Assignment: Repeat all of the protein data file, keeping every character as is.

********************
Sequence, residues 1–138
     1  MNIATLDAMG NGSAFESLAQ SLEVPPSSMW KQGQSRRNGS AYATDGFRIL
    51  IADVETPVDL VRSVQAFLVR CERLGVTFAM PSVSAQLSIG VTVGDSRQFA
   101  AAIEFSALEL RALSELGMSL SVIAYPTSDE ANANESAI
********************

Sequence, residues 1–138
     1  MNIATLDAMG NGSAFESLAQ SLEVPPSSMW KQGQSRRNGS AYATDGFRIL
    51  IADVETPVDL VRSVQAFLVR CERLGVTFAM PSVSAQLSIG VTVGDSRQFA
   101  AAIEFSALEL RALSELGMSL SVIAYPTSDE ANANESAI